Multi-Level Steiner Trees

In the classical Steiner tree problem, given an undirected, connected graph $G=(V,E)$ with non-negative edge costs and a set of \emph{terminals} $T\subseteq V$, the objective is to find a minimum-cost tree $E' \subseteq E$ that spans the terminals. The problem is APX-hard; the best known approximation algorithm has a ratio of $\rho = \ln(4)+\varepsilon < 1.39$. In this paper, we study a natural generalization, the \emph{multi-level Steiner tree} (MLST) problem: given a nested sequence of terminals $T_{\ell} \subset \dots \subset T_1 \subseteq V$, compute nested trees $E_{\ell}\subseteq \dots \subseteq E_1\subseteq E$ that span the corresponding terminal sets with minimum total cost. The MLST problem and variants thereof have been studied under various names including Multi-level Network Design, Quality-of-Service Multicast tree, Grade-of-Service Steiner tree, and Multi-Tier tree. Several approximation results are known. We first present two simple $O(\ell)$-approximation heuristics. Based on these, we introduce a rudimentary composite algorithm that generalizes the above heuristics, and determine its approximation ratio by solving a linear program. We then present a method that guarantees the same approximation ratio using at most $2\ell$ Steiner tree computations. We compare these heuristics experimentally on various instances of up to 500 vertices using three different network generation models. We also present various integer linear programming (ILP) formulations for the MLST problem, and compare their running times on these instances. To our knowledge, the composite algorithm achieves the best approximation ratio for up to $\ell=100$ levels, which is sufficient for most applications such as network visualization or designing multi-level infrastructure.

Editorial - SEA 2018 Special Issue

Finding Hamiltonian Cycle in Graphs of Bounded Treewidth: Experimental Evaluation

The notion of treewidth, introduced by Robertson and Seymour in their seminal Graph Minors series, turned out to have tremendous impact on graph algorithmics. Many hard computational problems on graphs turn out to be efficiently solvable in graphs of bounded treewidth: graphs that can be sweeped with separators of bounded size. These efficient algorithms usually follow the dynamic programming paradigm. In the recent years, we have seen a rapid and quite unexpected development of involved techniques for solving various computational problems in graphs of bounded treewidth. One of the most surprising directions is the development of algorithms for connectivity problems that have only single-exponential dependency (i.e., 2^O(t) ) on the treewidth in the running time bound, as opposed to slightly superexponential (i.e., 2^O(t log t) ) stemming from more naive approaches. In this work, we perform a thorough experimental evaluation of these approaches in the context of one of the most classic connectivity problem, namely Hamiltonian Cycle.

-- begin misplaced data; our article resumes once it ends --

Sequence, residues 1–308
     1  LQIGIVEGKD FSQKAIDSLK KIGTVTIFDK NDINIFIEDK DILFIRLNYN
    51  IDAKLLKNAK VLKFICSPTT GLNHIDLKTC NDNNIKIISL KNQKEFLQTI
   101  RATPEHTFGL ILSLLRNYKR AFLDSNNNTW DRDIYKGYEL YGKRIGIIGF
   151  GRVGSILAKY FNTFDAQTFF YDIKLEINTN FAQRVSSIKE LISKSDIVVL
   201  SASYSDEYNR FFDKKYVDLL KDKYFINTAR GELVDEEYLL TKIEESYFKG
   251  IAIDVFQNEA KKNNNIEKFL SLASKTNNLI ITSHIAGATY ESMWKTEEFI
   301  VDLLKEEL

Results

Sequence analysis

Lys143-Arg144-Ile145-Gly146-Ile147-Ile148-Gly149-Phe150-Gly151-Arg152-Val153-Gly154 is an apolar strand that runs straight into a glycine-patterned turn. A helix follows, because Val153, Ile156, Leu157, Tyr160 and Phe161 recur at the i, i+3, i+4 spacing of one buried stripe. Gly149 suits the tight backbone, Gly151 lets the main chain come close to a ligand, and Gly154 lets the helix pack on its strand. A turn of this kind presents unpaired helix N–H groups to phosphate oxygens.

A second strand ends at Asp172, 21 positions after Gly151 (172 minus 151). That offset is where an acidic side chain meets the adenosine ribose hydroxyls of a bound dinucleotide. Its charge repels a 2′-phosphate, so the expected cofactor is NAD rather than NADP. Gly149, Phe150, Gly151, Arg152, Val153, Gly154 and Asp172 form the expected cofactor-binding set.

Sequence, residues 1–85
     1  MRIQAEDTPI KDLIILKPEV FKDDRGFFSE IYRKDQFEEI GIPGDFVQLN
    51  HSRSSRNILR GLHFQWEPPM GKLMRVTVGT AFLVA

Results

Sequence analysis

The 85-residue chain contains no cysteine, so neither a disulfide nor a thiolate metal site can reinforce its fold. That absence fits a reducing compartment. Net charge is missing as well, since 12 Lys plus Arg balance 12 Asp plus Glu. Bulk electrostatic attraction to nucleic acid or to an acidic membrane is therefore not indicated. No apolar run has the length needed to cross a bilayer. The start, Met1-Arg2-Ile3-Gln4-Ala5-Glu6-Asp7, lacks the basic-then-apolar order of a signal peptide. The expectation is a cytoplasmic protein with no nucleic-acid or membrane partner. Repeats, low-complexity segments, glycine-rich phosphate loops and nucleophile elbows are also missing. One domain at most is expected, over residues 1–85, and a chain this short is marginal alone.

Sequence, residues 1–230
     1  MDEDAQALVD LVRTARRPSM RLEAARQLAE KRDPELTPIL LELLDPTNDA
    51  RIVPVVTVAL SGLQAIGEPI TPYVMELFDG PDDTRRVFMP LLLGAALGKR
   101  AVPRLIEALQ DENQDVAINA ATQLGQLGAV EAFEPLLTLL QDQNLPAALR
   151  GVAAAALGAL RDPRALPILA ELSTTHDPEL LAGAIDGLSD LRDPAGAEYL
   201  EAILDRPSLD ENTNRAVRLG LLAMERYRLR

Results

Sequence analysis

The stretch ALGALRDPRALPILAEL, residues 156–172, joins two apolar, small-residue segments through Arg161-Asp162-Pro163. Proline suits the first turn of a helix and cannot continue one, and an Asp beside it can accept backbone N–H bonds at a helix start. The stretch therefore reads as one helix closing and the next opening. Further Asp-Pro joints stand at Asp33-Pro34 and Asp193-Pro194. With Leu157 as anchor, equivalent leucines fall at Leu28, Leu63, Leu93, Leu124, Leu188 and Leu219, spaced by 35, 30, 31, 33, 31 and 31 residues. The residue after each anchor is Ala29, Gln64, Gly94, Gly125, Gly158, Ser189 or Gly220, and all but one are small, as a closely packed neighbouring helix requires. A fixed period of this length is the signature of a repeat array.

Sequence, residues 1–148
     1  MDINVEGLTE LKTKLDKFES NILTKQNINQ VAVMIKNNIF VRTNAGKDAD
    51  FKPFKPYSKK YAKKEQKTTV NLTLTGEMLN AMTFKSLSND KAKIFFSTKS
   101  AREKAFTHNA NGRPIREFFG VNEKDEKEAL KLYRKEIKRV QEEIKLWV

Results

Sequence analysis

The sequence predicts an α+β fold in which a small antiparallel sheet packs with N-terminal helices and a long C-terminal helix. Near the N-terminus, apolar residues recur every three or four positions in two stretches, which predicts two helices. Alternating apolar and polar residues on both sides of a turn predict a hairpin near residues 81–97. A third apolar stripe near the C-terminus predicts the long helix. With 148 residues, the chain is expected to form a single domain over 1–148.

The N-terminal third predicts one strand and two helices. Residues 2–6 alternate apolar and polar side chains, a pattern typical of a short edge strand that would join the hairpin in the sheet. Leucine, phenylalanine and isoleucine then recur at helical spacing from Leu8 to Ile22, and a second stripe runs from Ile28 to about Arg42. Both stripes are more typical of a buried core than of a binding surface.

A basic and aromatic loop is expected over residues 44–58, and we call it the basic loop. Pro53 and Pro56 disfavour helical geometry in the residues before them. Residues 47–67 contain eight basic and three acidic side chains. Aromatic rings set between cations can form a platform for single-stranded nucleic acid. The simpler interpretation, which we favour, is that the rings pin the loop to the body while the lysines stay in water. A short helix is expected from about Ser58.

Empirical Evaluation of Approximation Algorithms for Generalized Graph Coloring and Uniform Quasi-Wideness

The notions of bounded expansion and nowhere denseness not only offer robust and general definitions of uniform sparseness of graphs, they also describe the tractability boundary for several important algorithmic questions. In this paper we study two structural properties of these graph classes that are of particular importance in this context, namely the property of having bounded generalized coloring numbers and the property of being uniformly quasi-wide. We provide experimental evaluations of several algorithms that approximate these parameters on real-world graphs. On the theoretical side, we provide a new algorithm for uniform quasi-wideness with polynomial size guarantees in graph classes of bounded expansion and show a lower bound indicating that the guarantees of this algorithm are close to optimal in graph classes with fixed excluded minor.

A Generic Framework for Engineering Graph Canonization Algorithms

The state-of-the-art tools for practical graph canonization are all based on the indivi\-dualization-refinement paradigm, and their difference is primarily in the choice of heuristics they include and in the actual tool implementation. It is thus not possible to make a direct comparison of how individual algorithmic ideas affect the performance on different graph classes. We present an algorithmic software framework that facilitates implementation of heuristics as independent extensions to a common core algorithm. It therefore becomes easy to perform a detailed comparison of the performance and behaviour of different algorithmic ideas. Implementations are provided of a range of algorithms for tree traversal, target cell selection, and node invariant, including choices from the literature and new variations. The framework readily supports extraction and visualization of detailed data from separate algorithm executions for subsequent analysis and development of new heuristics. Using collections of different graph classes we investigate the effect of varying the selections of heuristics, often revealing exactly which individual algorithmic choice is responsible for particularly good or bad performance. On several benchmark collections, including a newly proposed class of difficult instances, we additionally find that our implementation performs better than the current state-of-the-art tools.